It is a further object of this invention to provide such a starting aid circuit which automatically turns on and off in response to daytime and nighttime lighting conditions.
It is a further object of this invention to provide such a starting aid circuit which also turns the lamp off.
It is a further object of this invention to provide such a starting aid circuit which can detect whether the lamp is on or off.
It is a further object of this invention to provide such a starting aid circuit which can detect cycling of the lamp.
It is a further object of this invention to provide such a starting aid circuit which reduces maintenance of the lamp.
It is a further object of this invention to provide such a starting aid circuit which prolongs the life of the lamp.
It is a further object of this invention to provide such a starting aid circuit which is cost efficient to produce.
The invention results from the realization that a truly effective luminaire starting aid device can be obtained by providing a trigger circuit including a feedback loop that supplies a trigger voltage to the lamp and monitors the voltage of the lamp to determine if it has indeed started. If the lamp does not start, a microprocessor that controls the trigger circuit instructs the trigger circuit to repeat attempts to start the lamp a predetermined number of times, after which, if the lamp does not start, a faulty condition of the lamp is communicated either locally at the site of the luminaire or to a remote location.
This invention features a starting aid for a luminaire including a device for detecting a load drawn by or voltage across a lamp, a microprocessor, responsive to the means for detecting, for controlling start-up of the lamp, a power supply for operating the microprocessor and a trigger circuit, responsive to the microprocessor, for turning on the lamp.
In a preferred embodiment of the invention, the starting aid circuit may further be programmed to detect a condition of the lamp in response to the load drawn or voltage across the lamp. The starting aid circuit may further include means, responsive to the microprocessor, for indicating the occurrence of the condition detected. The starting aid circuit may further include a photo controller for automatically turning the lamp on during periods of darkness and off during periods of daylight and means, responsive to the microprocessor, for shunting the lamp to turn off the lamp. The means for detecting may include a voltage divider. The trigger circuit may include a SIDAC circuit for turning on the lamp and a relay circuit, responsive to the microprocessor, for enabling the SIDAC circuit. the trigger circuit may further include an opto-coupler, responsive to the microprocessor, for enabling the SIDAC circuit. The power supply may include a full wave rectifier and/or a half wave rectifier. The trigger circuit may further include a TRIAC circuit, responsive to the microprocessor, for enabling the SIDAC circuit. The starting aid circuit may further include means, responsive to the microprocessor, for shunting the lamp to turn off the lamp. The means for shunting may include a relay circuit, responsive to the microprocessor, for shorting the lamp. The means for shunting may include a TRIAC circuit or another silicon device such as a SCR circuit, responsive to the microprocessor, for shorting the lamp. The means for indicating may include a visual alarm, an audible alarm and/or a transmitter for transmitting the detected condition to a location. The condition may be a lamp dead condition and/or a cycling condition.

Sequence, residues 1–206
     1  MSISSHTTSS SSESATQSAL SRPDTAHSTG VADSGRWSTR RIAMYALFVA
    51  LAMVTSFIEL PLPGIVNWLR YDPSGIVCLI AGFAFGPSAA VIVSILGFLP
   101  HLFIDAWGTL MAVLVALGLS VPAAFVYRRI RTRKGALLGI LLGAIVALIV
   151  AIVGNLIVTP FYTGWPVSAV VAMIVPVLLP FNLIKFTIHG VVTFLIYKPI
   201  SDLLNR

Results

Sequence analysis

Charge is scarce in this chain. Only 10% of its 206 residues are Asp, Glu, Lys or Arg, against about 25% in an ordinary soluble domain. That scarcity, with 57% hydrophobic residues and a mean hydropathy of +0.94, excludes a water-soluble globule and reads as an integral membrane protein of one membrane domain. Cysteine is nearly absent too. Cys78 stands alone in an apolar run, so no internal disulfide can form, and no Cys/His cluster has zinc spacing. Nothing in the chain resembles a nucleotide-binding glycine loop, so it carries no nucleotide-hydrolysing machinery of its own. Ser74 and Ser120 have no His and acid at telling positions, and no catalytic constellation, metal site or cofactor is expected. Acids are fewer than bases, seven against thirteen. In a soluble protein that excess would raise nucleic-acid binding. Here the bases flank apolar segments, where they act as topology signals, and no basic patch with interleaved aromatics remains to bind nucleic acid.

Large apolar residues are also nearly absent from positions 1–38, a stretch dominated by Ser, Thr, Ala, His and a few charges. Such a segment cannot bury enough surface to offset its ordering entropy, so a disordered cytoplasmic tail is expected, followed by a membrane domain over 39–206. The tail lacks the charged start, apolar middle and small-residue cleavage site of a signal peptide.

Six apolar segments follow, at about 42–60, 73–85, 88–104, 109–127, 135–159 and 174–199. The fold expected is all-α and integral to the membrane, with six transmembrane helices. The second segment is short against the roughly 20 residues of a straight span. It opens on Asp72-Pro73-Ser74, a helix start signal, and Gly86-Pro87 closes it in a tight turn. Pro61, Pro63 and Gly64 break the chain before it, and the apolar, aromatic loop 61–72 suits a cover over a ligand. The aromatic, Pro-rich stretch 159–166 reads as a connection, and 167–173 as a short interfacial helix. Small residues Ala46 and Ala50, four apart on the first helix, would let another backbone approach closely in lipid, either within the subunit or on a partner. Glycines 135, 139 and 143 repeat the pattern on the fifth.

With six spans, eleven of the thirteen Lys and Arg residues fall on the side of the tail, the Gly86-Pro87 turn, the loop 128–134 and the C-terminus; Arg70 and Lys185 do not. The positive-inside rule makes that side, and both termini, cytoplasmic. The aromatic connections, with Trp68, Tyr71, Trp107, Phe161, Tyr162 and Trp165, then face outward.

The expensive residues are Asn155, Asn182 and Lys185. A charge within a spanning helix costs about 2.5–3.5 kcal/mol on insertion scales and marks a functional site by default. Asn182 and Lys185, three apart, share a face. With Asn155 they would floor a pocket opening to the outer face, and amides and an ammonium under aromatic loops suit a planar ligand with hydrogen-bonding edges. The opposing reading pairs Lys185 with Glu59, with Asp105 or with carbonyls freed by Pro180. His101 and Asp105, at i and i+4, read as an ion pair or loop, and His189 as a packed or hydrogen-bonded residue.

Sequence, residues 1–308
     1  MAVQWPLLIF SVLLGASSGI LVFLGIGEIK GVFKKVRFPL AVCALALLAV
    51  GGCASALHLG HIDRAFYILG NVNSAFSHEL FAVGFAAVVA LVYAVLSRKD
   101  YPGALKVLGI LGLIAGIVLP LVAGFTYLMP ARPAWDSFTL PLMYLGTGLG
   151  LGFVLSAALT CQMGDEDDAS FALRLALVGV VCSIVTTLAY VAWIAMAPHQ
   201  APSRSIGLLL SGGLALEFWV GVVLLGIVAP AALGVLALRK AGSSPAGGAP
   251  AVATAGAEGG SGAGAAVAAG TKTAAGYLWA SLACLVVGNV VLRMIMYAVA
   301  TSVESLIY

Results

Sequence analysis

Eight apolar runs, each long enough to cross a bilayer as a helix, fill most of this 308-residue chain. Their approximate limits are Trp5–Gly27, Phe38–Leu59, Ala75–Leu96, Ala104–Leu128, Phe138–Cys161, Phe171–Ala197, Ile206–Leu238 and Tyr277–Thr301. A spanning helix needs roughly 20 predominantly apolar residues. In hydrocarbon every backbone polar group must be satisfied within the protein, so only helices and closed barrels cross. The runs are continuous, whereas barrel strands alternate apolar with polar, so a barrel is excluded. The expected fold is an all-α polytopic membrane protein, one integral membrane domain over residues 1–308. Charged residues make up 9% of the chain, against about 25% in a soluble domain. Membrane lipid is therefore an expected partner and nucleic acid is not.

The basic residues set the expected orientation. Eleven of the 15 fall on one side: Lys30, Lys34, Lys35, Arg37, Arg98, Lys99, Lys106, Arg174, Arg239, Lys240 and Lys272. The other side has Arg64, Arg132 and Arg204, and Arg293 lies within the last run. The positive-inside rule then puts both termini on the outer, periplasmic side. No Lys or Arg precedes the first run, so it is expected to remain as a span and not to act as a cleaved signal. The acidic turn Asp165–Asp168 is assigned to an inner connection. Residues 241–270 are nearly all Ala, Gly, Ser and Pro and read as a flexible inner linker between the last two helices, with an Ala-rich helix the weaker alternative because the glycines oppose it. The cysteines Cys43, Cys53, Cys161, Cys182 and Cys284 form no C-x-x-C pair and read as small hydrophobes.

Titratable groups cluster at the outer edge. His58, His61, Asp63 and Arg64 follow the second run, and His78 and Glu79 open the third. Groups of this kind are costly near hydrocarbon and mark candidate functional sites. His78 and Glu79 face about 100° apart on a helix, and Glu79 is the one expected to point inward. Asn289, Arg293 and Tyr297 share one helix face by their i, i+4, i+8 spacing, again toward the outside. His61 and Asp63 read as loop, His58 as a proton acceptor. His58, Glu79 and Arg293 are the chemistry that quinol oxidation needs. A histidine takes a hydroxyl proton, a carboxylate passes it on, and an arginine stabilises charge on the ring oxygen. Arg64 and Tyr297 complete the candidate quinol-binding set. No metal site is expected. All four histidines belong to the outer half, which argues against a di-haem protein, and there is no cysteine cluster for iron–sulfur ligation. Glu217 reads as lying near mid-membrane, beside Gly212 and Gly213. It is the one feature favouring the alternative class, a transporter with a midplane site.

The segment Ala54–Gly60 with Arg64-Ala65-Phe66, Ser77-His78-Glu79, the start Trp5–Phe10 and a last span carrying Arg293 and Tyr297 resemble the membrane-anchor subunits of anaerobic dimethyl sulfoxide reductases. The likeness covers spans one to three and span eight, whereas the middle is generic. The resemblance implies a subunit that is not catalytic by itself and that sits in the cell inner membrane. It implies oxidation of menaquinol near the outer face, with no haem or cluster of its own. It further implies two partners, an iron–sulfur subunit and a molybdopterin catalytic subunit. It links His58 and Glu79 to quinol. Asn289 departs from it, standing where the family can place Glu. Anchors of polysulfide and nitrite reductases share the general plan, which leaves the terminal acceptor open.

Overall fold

This invention also features a diagnostic starting aid for a luminaire including means for detecting a load drawn by or voltage across the lamp, a microprocessor, responsive to the means for detecting and the photocontroller, for controlling start-up of the lamp, the microprocessor programmed to detect a condition of the luminaire in response to the load drawn, a power supply for operating the microprocessor, a trigger circuit, responsive to the microprocessor, for turning on the lamp and means, response to the microprocessor, for indicating the occurrence of the condition detected.
This invention also features an automatic aid for a lamp including a photocontroller for automatically turning the lamp on during periods of darkness and off during periods of daylight, means for detecting a load drawn by or voltage across the lamp, a microprocessor, responsive to the means for detecting and to the photocontroller, for controlling start-up of the lamp, a power supply for operating the microprocessor and a trigger circuit, responsive to the microprocessor, for turning on the lamp.
In the preferred embodiment, the automatic starting aid may further include means, responsive to the microprocessor, for shunting the lamp to turn off the lamp. The microprocessor may be programmed to detect a condition of the lamp in response to the load drawn, further including means, responsive to the microprocessor, for indicating the occurrence of the condition detected.